Pens Re-Up with Robert Bortuzzo for Two Years


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The Penguins and Robert Bortuzzo were able to avoid arbitration (which was scheduled for August 1) when they came to terms on a new 2-year deal that will pay $600k annually. You have to figure that the Pens didn’t truly pay anything less for Bortz than he would have had they gone to arbitration. With a scant 21 NHL games under his belt it’s tough to know what Bortz is really capable of, and as I understand the arbitration process, the only basis for analysis would be his NHL play. Surely, we know what Bortz can become: he could easily mature to be a Hal Gill-type player. Really big, really physical, and just ultra-safe in his own defensive end, but again, I don’t necessarily think the arbiter would be assigning a contract value based on what he “can be.”

Nonetheless, $600k is not going to break any professional sports team’s bank and the fact that he’ll be back for 2 seasons is a major win for the Penguins. So who knows, maybe the Pens would have saved $25k if they had waited to go to arbitration (seems really weird to say that) but they also picked up exceptional value by getting Bortz locked up for 2 years. This is a testament to the notion that “value is a fluid term,” or whatever economists would tell you.

According to Josh Yohe, the Pens are actually pretty big on Bortuzzo, even though he was their least used defenseman in the regular season and playoffs.


If all is to be believed Bortuzzo really could have a shot at earning the final starting defense spot once the Penguins trade Matt Niskanen or some other defenseman to return to cap compliancy. That’s good because the limited doses we have been able to see of Bortuzzo have been very good. Consider this: for as much “potential” that is bandied about when talking about Simon Despres, he managed 7 points in 33 games with the big Penguins last year. Bortuzzo managed 4 (including the same goal output as Despres: 2) in 15 games. Oh, and Despres had the opportunity to play with Kris Letang for extended periods of time, Bortz was lucky to play 12 minutes a game with Deryk Engelland if he dressed at all. He’s also shown a willingness to stand up for any teammate at anytime, something the Pens have missed in recent seasons.

Now before you start blasting me for claiming that Robert Bortuzzo is a better player than Simon Despres stop. I did not say that. What I’m trying to establish is that Bortuzzo is no less deserving of more playing time than Despres, and that’s why the only logical solution for the Pens to get back to cap compliancy is to trade a defenseman, and frankly that more than likely has to be Niskanen. Against all odds Niskanen has been a granite-solid 4 or 5 defenseman in Pittsburgh, he went from probably crashing out of the NHL to a guy with decent trade value who would belong on any NHL team, but it’s also time for the Penguins to commit to finding out what talent they have in their system.

Although Development Camp has provided us with some encouraging signs about the future forward depth for the Pens, there would be a much bigger hole left in the lineup if the Penguins were to trade Jussi Jokinen or even Tanner Glass (yes that Tanner Glass). Sure Jokinen seems to stand in the way of Beau Bennett nailing down a full-time top-6 role, but what would the Pens do on the third line without Bennett and Jokinen? They would have to play Glass there, and the only thing worse than playing Tanner Glass at all is playing him on the 3rd line in high leverage situations. And with Glass, people like to hate him, but just remember, the guy who would replace him is the much more despised Harry Zolnierczyk.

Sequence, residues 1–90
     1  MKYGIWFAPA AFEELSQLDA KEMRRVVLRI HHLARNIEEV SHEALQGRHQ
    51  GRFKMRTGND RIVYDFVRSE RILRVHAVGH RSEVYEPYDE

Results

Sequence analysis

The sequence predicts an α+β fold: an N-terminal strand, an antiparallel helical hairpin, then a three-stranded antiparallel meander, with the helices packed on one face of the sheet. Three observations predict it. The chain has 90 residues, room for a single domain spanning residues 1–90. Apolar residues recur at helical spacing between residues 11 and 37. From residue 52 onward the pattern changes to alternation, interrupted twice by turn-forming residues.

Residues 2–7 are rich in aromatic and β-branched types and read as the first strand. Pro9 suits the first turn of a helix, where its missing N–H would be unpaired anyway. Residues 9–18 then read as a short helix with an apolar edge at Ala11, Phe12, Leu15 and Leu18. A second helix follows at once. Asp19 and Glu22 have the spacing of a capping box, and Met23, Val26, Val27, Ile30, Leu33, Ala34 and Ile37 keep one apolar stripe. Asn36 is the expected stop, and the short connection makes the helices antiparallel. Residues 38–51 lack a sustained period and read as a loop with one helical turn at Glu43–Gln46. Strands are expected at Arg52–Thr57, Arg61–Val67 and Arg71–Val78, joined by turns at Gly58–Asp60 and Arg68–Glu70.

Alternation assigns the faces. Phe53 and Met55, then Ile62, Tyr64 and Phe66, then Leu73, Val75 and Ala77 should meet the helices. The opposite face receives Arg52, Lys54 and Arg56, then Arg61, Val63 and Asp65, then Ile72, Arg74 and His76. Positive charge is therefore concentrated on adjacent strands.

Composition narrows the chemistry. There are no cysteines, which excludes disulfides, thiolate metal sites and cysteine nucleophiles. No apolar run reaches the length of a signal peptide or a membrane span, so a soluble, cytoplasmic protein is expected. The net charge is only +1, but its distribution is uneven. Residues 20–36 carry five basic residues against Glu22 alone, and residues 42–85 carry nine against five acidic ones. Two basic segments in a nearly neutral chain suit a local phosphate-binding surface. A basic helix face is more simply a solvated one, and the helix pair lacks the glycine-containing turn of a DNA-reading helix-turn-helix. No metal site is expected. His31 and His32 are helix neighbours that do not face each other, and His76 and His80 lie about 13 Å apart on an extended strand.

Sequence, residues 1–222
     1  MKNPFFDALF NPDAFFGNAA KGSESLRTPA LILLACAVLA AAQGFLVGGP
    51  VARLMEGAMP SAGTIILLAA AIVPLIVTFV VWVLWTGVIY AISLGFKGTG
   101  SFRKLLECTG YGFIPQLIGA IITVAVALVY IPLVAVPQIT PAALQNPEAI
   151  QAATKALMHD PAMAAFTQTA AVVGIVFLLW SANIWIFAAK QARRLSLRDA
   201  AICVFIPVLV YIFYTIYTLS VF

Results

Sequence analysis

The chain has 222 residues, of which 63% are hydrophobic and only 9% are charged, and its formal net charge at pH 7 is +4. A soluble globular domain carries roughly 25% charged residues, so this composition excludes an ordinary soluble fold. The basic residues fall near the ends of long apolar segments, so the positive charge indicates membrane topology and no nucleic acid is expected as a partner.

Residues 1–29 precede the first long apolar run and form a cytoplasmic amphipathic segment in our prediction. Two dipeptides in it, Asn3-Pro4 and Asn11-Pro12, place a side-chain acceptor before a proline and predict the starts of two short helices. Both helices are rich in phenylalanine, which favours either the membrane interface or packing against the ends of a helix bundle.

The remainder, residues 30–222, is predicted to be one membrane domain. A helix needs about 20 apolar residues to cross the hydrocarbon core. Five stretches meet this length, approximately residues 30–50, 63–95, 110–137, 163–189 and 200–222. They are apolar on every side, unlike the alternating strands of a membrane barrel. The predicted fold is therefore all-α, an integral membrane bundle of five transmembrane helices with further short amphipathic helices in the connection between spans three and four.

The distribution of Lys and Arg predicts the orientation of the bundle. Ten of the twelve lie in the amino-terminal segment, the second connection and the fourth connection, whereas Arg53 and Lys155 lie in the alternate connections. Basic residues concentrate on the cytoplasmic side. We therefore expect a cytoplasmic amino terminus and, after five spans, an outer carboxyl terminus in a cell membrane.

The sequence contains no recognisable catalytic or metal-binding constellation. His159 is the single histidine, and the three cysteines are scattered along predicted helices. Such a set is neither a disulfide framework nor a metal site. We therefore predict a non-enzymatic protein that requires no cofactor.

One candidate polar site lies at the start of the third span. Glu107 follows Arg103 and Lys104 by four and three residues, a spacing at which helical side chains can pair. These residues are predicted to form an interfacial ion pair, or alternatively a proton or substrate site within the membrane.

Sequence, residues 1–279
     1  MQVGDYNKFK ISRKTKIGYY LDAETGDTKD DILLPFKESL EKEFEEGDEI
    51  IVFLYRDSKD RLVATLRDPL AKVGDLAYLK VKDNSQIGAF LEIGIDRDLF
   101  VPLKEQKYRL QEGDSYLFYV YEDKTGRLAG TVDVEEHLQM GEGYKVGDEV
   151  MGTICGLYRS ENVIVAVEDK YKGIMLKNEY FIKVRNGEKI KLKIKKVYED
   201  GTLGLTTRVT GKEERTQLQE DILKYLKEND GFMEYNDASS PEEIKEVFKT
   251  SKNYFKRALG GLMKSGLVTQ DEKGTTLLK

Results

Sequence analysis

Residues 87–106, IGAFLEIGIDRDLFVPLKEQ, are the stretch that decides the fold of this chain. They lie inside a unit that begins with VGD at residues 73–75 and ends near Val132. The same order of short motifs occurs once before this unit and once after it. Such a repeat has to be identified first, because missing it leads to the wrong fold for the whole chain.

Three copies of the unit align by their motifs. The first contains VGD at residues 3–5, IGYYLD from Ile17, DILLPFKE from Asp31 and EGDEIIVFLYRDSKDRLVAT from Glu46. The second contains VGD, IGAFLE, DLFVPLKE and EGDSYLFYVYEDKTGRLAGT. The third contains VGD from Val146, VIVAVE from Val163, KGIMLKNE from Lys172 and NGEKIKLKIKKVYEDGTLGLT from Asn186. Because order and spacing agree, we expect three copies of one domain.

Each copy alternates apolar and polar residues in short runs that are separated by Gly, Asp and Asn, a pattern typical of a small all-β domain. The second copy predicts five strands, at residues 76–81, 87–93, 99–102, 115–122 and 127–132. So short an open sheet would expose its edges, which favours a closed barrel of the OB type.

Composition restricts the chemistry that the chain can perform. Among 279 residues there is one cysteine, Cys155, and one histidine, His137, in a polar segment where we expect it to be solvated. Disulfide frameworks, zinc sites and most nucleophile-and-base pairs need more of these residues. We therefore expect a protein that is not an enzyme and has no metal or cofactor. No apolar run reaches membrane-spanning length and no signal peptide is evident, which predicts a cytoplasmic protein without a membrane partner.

And what’s worse is that if you had to move forwards up the depth chart like I just described you would notice the drop off in ability whereas with the defense things aren’t so desperate. Replacing Matt Niskanen with Robert Bortuzzo will result in less offense but who cares, especially with a promised bigger role for Simon Despres. At worst you’ll see a net zero exchange, at best Despres will be better in the offensive aspects of the game than Niskanen and Bortuzzo will be better than Niskanen in the defensive aspects. Change for the sake of change is dumb. Finding room for Robert Bortuzzo is not that.


Penguins Sign Matt D’Agostini to One Year Deal




A couple of hours ago I completed a long analysis that I turned in over at The Farm Club on potential free agent “values” that could come in and play on the third line for the Penguins for the coming season. I’ll be the first to tell you that I had no idea that Matt D’Agostini was (a) a free agent, or (b) looking for such a small money deal. If I did I likely would have included the one time 20-goal scorer, but I didn’t.

Matt_DAgostini-234x300Here’s what we know about D’Agostini: he was a 6th round pick in the 2005 draft (Crosby’s draft) of the Montreal Canadiens. He’s from Sault Sainte Marie, Ontario which is where Wayne Gretzky played his Junior Hockey. It’s also the same hometown as Tyler Kennedy. Like Kennedy D’Agostini is a right-handed shooter, however, he’s a natural right winger, which just happens to be a hole the Pens need to fill. Fortunately for the Penguins he is considerably bigger than TK standing 6’0” 201lbs. And now I’m done talking about Tyler Kennedy.

D’Agostini’s best season in the NHL came in 2010-11 when he scored 21 goals and 25 assists in a full 82 games season with the Blues. However, after Ken Hitchcock’s arrival in St. Louis D’Agostini plummeted down the depth chart until ultimately he watched most games from the press box. In March of 2013 he was traded to the Devils but failed to make a dynamic impact with them, as such, they did not offer him an RFA tender which would have seen him make at least $1.6 million (100% of the AAV of his last contract, which he signed after his 46 point season).

Check out this piece from Rossi and the accompanying tweet stream for some interesting news.



So in other words it looks like Double-J will get a look at the second line before Beau Bennett. Just saying but that probably means the Penguins have plans of trading Jokinen, otherwise they wouldn’t give him an opportunity to prove how good he can still be. If they wanted to keep him for a while they would likely bury him on the third line so they could re-sign him for lower money after this season.

Goodbye From Pittsburgh Matt Cooke and Jarome Iginla

This is a story about two players. In fact, it’s really directed at these two players.